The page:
British calendar, 1851, Metropolitan Museum of Art
There are many thoughts that pass through my mind in the course of a day or week. Many necessitate a book-length analysis to do justice to them, but that I won’t do! Instead, let me briefly mention a few of the things that I have recently pondered.
1. Does suffering eliminate the possibility of meaning? That is, even if the cosmos slowly evolves into a perfect state, does that justify all the suffering that led to such perfection? At first glance, it seems not. Dostoevsky advanced a similar argument in the Brothers Karamazov—no heaven can justify the gratuitous evil of the suffering of an innocent child. But if some cosmic plan—I doubt there is one exists—demands suffering then that’s a bad plan.
2. There are a few hypersane individuals among us but they’re probably the exception. And even so-called normal people, are often fanatics or fascists. I’m reminded of a Mark Twain quote: “Such is the human race. Often it does seem such a pity that Noah and his party did not miss the boat.”
3. Maybe humans are better than I think. Some argue they are unique among animals in the way they teach each other. Others argue that we distinguish ourselves from non-human animals by having involved fathers. In the words of Shakespeare, “What a piece of work is a man, how noble in reason, how infinite in faculty, in form and moving how express and admirable, in action how like an angel, in apprehension how like a god!” Then again, looking honestly at this world, we must wonder what Shakespeare was thinking.
4. When I think about my grandchildren I experience an overwhelming desire to shield them from the world. They are so innocent; they see no evil in the world; they have no sense of the danger that surrounds them. I now understand why Buddha’s parents wanted to keep him in the palace. I so wish they lived in a world that the could fully embrace.
5. I think humanity will probably destroy itself. For how will we master the residual selfish and violent instincts of our evolutionary past? How will we survive with a reptilian brain characterized by tribalism, territoriality, short-term thinking, cognitive bugs, etc.? How will reptiles armed with nuclear weapons avoid Armageddon? I just don’t know.
6. I was watching a video about starting a fire without matches. It’s really hard to do! Then the parallels with civilization became apparent. Think of how hard it was, how much labor and love and death went into creating a society in which I don’t have to start fires or hunt food. I turn my radiator handle and I get heat; I hunt at the grocery store. Neither requires much effort. It’s so easy to forget the horror and deprivation of the state of nature. How hard it would be to recreate it from scratch.
7. I was thinking about cults. Some say that when a few people believe something crazy it’s called a cult, and when many people believe something crazy, it’s called a religion. Others claim that a cult plus time equals religion. But let’s not single out religion. Consider the modern-day Republican/Trump party. They protect their fascist leaders like churches protect their child abusers. They are now a cult. And they excommunicate the heterodox.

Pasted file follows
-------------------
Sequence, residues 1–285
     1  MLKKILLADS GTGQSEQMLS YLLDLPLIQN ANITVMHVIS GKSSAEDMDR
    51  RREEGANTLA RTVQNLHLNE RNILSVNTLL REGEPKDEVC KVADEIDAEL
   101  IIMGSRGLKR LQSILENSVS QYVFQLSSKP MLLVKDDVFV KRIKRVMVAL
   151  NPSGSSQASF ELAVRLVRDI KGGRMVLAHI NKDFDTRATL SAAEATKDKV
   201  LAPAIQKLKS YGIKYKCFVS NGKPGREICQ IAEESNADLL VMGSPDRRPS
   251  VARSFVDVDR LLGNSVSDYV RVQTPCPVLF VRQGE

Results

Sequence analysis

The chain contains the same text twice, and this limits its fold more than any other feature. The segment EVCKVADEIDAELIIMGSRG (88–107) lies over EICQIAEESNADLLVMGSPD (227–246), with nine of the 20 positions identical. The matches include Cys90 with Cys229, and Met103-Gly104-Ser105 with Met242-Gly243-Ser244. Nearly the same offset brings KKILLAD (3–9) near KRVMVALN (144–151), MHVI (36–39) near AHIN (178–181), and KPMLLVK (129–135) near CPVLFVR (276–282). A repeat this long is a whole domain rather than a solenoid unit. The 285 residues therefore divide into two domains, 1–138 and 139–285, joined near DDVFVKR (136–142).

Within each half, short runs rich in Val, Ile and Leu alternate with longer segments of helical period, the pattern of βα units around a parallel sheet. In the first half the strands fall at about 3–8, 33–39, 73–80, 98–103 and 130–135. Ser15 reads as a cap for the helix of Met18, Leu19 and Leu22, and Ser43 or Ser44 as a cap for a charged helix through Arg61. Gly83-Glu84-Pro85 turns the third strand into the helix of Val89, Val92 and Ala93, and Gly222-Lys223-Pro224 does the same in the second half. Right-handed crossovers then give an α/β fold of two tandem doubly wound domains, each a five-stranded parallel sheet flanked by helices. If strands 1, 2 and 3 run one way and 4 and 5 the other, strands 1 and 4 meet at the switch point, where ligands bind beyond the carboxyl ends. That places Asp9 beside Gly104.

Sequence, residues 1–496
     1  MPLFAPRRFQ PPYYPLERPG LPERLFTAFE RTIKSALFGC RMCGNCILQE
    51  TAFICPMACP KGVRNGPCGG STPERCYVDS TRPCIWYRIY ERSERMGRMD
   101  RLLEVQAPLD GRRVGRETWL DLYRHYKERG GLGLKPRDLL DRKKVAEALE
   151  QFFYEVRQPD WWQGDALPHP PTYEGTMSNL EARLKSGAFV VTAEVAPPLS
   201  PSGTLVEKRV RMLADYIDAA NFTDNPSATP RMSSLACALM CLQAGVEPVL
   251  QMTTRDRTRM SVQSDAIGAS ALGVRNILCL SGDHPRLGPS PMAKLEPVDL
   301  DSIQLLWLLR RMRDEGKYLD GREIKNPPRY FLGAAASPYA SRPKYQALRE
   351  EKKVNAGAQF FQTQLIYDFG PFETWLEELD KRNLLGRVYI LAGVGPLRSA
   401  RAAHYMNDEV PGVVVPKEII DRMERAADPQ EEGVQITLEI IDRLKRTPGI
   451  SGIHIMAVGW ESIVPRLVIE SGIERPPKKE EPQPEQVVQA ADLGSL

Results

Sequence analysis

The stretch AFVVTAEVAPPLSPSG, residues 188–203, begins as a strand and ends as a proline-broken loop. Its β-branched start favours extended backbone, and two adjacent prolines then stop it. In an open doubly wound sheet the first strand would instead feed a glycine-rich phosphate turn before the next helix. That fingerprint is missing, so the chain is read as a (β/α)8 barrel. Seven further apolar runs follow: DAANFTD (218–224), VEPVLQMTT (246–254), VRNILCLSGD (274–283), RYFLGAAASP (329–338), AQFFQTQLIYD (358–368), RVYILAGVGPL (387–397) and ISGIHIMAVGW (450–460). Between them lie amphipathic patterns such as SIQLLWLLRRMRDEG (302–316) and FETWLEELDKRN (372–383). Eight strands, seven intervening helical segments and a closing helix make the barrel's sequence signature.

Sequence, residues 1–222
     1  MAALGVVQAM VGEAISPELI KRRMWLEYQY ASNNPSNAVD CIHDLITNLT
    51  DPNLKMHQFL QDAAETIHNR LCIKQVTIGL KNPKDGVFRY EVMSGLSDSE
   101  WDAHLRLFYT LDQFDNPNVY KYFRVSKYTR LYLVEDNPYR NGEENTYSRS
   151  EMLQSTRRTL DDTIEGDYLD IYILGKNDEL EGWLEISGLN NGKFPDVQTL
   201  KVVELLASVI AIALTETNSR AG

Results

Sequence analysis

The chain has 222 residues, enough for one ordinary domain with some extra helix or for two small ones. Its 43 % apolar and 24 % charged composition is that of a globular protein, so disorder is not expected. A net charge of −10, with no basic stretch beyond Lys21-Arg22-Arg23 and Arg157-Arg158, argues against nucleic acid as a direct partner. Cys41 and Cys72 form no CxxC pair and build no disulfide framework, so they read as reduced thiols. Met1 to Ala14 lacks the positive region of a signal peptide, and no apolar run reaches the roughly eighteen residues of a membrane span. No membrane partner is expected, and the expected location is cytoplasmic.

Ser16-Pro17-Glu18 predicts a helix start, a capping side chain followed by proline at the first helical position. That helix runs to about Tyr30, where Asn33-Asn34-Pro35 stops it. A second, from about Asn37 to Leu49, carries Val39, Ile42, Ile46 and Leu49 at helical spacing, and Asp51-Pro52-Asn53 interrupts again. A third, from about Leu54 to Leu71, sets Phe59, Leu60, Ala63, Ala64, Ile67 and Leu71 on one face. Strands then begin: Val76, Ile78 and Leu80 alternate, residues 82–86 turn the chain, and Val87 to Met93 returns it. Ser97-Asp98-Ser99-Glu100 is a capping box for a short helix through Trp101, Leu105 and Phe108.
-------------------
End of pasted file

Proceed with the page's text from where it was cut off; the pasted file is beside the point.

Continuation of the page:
8. Corruption is everywhere. I suppose the world has always been corrupt but, at least until early adulthood, I thought the world was basically alright. Now I have my doubts. I’m wondering if the problem is both in the stars and in ourselves. And if so, why is that? It seems that growing up is, in large part, leaving many of our dreams behind.
9. There is so much we don’t know about ourselves. We don’t understand our own motives, we deceive ourselves, and we overestimate our ability (Dunning-Kruger effect). All this assumes we have a self, as both Hume (bundle theory) and the Buddhists (no-self) deny. Buddhism, interestingly, may offer a way out of this paradox. I sometimes think that we are windows, vortexes, or apertures through which the universe temporarily becomes conscious. But at other times this is too mystical for me. I just don’t know who I am.
10. We have so much information and so little time to sort through or analyze it—the amount of information in the world is unmanageable. I’d love to ponder it all, but I cannot. We also have a lack of wisdom in our world. The only ultimate solution I know of is to enhance our intelligence, as I have argued many times. It also occurs to me that the denigration of expertise is especially problematic when we can’t be experts at more than a very few things.
11. Violence is declining according to Steven Pinker in The Better Angels of Our Nature: Why Violence Has Declined. Many disagree with Pinker on this point including John Gray, Will Koehrsen, and Herman and Peterson. I think the major flaw in Pinker’s thinking here is that he doesn’t sufficiently account for existential risks. Historical data tells us almost nothing about what will happen tomorrow. Climate change, environmental degradation, or nuclear war may soon obliterate both the earth and Pinker’s hypothesis. Unimaginable violence may be right around the corner. I hope I’m wrong.
Addendum – More Things To Think About
This article suggests that economic inequality is inevitable.
This article suggests that happiness isn’t a matter of relentless, competitive work.
This article suggests that I forget Plato, Aristotle, and the Stoics and embrace Epicureanism.